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Six of the standup comics featured in this year's 22nd Annual Just For Laughs Festival answered five questions about being in the largest comedy festival on the planet.

Costaki Economopoulos, Leighann Lord, Eddie Gosling, Megan Mooney, Bonnie McFarlane and Joe Starr share their thoughts on preparation, choice of material, expectations, perception vs. reality, schmoozing and any advice for other comics.

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Do you engage in any kind of special preparation in anticipation of your trip to the Just For Laughs (JFL) Festival?

Lord: Yes, my special preparation has been to stress out about my set and then go clothes shopping to relieve said stress.

Economopolous: Oh, yeah. I recently did the Boston Comedy Fest and I am using the set I did there as the basic skeleton. That set I worked on intensely the week before when I was in Minneapolis. Opened with it, taped it every night, wrote notes to myself about performing, segues, flow, through line, attitude, crowd response. Most of my homework is done because I did it already for that, but this is an even bigger deal and now I'm second-guessing everything.

You don't do the most crowd-pleasing set to be sure, but you can't just lump all of your favorite smart jokes into a pile either. Should you swing for the fences with a greater chance of striking out, or just make sure to hit a double? Some of my favorite bits are dark or include rough language. Do you include that, even in a short set? Part of the goal is to get TV, so does that really help? Is it better to do the stuff with a little more meat on the bones, POV, whatever, even if it costs you in laughs? Probably, but you can't do a set that just lays there either.

These are some of the questions I've been asking myself. All important. But on the other hand, as long as you work through these questions, and keep your head about you, you can't really go wrong. It is, after all the fuss, still a guy doing seven minutes of comedy. I'm good at that. I've done that for long time. So I work and mull. And as long as I don't lose the head game, I'm fine.

McFarlane: I clean my apartment before I go on any trip so when I come home I'm like, "Ah, thanks me." Specifically for this trip, I printed out my jokes, looked for my passport and stuffed hash into my toothpaste tube.

Starr: My personal prep work for the Festival is this; nothing. I spend a few days prior to going to Montreal doing absolutely nothing. I won't get on stage and I don't look over material. I won't even talk about the Festival. I want to be in a very cool frame of mind when I get there. It helps me stay out of my own way.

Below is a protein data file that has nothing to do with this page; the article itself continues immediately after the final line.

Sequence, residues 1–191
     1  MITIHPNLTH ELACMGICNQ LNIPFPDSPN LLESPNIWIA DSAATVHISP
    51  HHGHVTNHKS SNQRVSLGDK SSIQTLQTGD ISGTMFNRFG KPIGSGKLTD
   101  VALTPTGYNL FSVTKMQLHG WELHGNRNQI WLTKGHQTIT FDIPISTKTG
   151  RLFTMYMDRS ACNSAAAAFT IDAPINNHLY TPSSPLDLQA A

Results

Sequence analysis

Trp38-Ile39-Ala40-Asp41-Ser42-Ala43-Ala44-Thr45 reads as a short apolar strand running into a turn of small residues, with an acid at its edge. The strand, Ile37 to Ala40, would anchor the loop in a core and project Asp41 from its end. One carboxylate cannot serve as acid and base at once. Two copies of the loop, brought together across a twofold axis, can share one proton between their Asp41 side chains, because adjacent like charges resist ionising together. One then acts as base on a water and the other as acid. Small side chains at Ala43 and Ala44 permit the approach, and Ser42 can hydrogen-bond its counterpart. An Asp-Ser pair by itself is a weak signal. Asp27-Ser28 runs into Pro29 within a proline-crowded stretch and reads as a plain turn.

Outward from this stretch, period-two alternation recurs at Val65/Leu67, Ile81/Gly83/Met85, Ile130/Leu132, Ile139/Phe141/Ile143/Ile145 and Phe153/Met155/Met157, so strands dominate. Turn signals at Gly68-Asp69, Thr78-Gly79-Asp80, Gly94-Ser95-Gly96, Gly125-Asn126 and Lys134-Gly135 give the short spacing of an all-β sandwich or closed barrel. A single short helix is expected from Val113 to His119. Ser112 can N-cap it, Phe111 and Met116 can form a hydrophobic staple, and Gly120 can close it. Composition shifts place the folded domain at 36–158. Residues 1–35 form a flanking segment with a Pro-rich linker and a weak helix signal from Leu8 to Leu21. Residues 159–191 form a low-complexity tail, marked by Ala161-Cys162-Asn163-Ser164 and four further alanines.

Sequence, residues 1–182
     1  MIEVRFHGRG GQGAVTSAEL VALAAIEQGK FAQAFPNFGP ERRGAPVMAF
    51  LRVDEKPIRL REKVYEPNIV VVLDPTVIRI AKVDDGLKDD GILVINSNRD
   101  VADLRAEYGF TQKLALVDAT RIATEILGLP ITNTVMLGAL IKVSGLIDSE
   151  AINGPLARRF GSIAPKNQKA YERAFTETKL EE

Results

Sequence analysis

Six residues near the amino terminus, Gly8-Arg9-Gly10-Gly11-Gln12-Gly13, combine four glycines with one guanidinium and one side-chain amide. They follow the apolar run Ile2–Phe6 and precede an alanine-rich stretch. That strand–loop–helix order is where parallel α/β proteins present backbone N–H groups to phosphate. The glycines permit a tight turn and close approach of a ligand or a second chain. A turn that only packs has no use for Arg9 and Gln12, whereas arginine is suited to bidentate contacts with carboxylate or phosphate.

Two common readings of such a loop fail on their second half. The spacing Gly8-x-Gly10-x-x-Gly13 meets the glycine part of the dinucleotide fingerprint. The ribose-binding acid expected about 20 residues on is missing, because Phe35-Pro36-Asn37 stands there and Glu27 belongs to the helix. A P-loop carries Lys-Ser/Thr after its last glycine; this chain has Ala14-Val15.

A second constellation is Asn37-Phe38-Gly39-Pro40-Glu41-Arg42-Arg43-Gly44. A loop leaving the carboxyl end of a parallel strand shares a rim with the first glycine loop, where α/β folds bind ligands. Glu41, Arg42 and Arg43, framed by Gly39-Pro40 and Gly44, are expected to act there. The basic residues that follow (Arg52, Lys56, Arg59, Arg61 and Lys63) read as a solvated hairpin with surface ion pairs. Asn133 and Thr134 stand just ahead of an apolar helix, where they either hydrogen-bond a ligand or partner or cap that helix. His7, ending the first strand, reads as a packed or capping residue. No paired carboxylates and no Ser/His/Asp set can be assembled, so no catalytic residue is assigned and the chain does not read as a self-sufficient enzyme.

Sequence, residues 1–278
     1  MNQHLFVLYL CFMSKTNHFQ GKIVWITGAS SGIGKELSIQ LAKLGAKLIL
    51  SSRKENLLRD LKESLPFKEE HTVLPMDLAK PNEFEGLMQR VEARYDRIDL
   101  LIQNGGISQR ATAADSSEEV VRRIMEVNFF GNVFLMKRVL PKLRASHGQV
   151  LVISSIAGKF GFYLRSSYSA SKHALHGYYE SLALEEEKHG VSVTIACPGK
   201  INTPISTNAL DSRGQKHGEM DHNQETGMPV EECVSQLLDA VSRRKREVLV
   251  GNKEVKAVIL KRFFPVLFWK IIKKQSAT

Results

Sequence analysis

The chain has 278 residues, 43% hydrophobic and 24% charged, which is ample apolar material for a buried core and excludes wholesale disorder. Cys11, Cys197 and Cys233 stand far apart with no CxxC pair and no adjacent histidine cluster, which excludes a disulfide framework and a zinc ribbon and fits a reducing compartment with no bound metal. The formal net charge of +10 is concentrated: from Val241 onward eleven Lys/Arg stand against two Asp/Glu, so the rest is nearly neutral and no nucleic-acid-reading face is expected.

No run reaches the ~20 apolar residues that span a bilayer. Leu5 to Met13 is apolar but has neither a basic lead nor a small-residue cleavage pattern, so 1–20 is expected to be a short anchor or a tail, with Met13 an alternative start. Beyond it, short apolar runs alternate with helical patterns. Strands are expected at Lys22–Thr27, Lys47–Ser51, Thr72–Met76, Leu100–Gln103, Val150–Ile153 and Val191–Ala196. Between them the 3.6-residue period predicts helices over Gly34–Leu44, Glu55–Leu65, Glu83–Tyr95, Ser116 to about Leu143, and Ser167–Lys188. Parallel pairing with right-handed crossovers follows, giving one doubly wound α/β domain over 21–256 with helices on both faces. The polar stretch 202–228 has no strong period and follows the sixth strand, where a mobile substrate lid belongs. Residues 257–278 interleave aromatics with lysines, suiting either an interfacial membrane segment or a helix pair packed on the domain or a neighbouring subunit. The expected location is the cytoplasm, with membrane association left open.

Mooney: Yes. I have a special success formula code-named "Preparation Hilarious." Sound familiar? For those who break my code... I will be handing it out in all the green rooms.

Gossling: No.

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If you're performing on more than one show at JFL, will you do the same set each time or will you plan to do to more than one set? Why or why not?

Lord: Good question. I'm on The Relationship Show and An Evening at Eve's Tavern (read: Chic Show). Just For Laughs has actually requested that I not repeat material between the two.

Economopolous: I'm doing a Gala this year, which for me is Friday. I'm doing two other sanctioned sets, one Wednesday, one Thursday. Traditionally you use those as a warm up to the Gala set, which is a huge venue, with thousands of people, and TV.

When I did Boston, I stuck to my set that I had polished and it served me well, but afterwards I realized that the industry characters had seen me more than once and I wished that I had mixed it up a bit. I'm a writer type, and I have plenty of jokes, so it would have been nice to show some range. I may do that in Montreal.

McFarlane: John Heffron said something on Last Comic Standing that really affected me. He said he only comes up with the first joke for any set and then just lets the comedy flow. Since he beat me by 94% in the head to head, I've decided to do the same. Whenever I prepare a set list now, I only write out one bullet point and then let the comedy flow.

Starr: I never perform the same set twice. I keep my performances as close to jazz as I can. I'm doing the Relationship Show and so that is the direction of the material I'll do for that show. For the Wiseguys show it'll be heavy with ethnic weight. But I don't plan the sets out. I know the subject and the rest is loose. Oh, and most importantly I leave room for ad-libs and improv. That's when you know you're in the groove. The only set I know I must do a certain way is the Gala.

Mooney: Each venue varies in time, so you have to adjust your act. I'll probably do some of the same core jokes-- ones that I know work-- and mix it up with some of my favorites here and there.

Gossling: I plan on doing the exact same set and challenge all industry to come to each of my show's every night and going over my set word-for-word to see if I stray.

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How important is festival "schmoozing"?

Lord: It's all about the schmoozing. This is the Olympics of schmoozing. Everything else is secondary.